I draw my line in my beliefs according to my Rebbe... This is faith in him as a guide to Torah, life and how to connect with G-d.

    MY driving force is as above:

    I believe we actually create the world we live in by our own personal beliefs, desires and understanding. Therefore I believe the Chassidic outlook creates the best possible world for me to exist in. I believe nature and our existence can change miraculously since the world is being continuously created by G-d or it would revert back to nothingness.. not like an artist who makes a physical model and walks away from it..

    How do you explain documented miracles... e.g cancers disappearing after a Tzadiks blessing? Or the Rebbe sending shluchim to find a single person in a distant place to help them at their exact time of need even though they had no prior communication? Are they just lies?

  51. Chaim, how do you explain cancer patients who get a berachah and then die? Or cancer patients who make a miraculous recovery without getting a berachah?

  52. Cancer patients dying with a bracho does not refute the fact that some brachos do work. there could be many theological explanations why brochos do not always work.. e.g making an adequate vessel for the shefa, the illness itself is a tikun etc.

    Also miracles are not dependant on brachas. Praying to Hashem is the ultimate bracha and the only reason the brochas from Tzaddikim work in the first place.

    My point was not about the Tzaddik per se but rather obvious miracles when one day a huge cancer is in the body and the next week it is gone... and Doctors can not explain it medically.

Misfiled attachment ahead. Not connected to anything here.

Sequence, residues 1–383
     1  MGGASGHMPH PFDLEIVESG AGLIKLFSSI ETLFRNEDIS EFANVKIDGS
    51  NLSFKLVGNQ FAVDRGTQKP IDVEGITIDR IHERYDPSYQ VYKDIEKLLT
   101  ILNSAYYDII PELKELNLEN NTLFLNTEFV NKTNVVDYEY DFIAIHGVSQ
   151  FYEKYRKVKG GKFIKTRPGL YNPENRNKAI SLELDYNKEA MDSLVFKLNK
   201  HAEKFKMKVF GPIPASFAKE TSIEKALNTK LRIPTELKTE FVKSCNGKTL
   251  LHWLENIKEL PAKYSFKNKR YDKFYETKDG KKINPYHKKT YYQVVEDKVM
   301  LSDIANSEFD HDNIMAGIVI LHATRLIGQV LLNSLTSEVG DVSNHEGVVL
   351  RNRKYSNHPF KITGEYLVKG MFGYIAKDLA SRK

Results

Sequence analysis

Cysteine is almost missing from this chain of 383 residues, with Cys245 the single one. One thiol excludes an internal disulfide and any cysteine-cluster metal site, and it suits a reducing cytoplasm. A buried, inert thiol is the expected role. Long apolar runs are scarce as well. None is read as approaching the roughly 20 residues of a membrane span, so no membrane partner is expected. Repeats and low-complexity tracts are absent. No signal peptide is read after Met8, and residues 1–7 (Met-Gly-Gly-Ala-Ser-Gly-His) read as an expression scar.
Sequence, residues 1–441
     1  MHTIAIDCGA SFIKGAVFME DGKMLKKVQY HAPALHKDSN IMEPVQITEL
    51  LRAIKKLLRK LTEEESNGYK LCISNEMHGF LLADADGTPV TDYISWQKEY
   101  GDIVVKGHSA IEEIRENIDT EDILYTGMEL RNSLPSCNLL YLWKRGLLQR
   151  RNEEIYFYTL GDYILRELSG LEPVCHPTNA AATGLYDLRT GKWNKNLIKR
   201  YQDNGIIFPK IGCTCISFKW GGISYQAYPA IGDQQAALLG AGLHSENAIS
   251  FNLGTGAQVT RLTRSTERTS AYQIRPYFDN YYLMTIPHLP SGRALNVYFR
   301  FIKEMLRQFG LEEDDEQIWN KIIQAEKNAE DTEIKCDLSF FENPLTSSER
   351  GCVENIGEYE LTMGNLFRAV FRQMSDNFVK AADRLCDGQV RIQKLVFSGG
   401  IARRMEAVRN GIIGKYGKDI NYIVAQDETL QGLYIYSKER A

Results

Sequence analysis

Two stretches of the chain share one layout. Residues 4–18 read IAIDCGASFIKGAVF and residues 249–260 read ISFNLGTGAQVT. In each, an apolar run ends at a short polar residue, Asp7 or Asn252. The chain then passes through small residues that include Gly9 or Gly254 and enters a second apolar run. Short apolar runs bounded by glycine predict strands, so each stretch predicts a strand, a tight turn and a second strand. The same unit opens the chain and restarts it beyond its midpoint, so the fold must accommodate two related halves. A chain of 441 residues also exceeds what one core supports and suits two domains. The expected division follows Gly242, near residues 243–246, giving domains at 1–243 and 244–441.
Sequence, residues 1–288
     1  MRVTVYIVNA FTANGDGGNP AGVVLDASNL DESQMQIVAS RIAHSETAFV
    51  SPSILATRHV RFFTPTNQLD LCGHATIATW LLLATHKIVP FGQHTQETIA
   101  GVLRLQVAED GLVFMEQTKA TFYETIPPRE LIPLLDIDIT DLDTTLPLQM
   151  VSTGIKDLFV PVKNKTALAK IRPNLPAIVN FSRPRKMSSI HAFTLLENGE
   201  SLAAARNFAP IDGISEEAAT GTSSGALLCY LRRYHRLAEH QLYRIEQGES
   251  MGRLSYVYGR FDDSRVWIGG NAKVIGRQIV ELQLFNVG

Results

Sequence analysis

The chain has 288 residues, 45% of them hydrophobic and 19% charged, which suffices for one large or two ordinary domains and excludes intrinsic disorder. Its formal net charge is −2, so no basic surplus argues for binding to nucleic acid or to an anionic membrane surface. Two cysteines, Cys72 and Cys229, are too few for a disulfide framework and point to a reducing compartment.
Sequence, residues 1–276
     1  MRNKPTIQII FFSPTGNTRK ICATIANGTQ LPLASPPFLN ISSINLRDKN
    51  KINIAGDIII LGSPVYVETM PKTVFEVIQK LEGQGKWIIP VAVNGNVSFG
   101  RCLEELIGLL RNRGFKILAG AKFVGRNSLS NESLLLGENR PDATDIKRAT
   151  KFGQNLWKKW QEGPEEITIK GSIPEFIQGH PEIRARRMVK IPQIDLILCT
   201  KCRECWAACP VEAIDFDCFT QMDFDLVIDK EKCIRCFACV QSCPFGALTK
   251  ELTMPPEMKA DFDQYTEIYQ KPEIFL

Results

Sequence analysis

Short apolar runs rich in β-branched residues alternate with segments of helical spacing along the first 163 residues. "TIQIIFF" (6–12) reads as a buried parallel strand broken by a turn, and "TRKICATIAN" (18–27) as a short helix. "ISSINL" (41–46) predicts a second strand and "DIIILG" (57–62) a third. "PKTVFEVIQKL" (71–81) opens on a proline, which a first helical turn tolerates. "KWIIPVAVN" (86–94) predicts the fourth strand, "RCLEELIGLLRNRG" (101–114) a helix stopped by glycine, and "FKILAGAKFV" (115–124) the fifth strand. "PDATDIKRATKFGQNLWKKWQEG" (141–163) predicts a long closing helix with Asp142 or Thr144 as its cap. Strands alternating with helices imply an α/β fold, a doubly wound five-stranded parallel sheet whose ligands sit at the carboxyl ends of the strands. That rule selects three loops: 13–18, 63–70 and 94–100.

53. ChaimJ,

    First, "documented" miracles are few and far between. Just because someone wrote about it does not make it documented.

    More importantly, by your logic, anything that cannot currently be explained by science should count as a miracle.

    I guess that gravity is a miracle. Prion disorders are miracles, etc. etc.

  54. ahh.. the rationalist who blindly believes everything can be eventually explained by science...

    They may be relatively few compared to 6 billion people but they are documented by the person usually with physician corroboration with regard to medical miracles.. and then there are others...

    It depends how you define miracles. Are they just an unknown mechanisms or are they above and override nature or even enclosed within nature..

  55. Chaim,

    And what about all the documented miracles that the Christians talk about and publish - childbirth to infertile women after visiting the Lourdes, rosary bead miracles, crying statues, etc.? These are just as documented as the rebbeshe miracles are. Are they also true? If not, why - because they're goyish?

  56. I did not really want to get into these arguments on beliefs...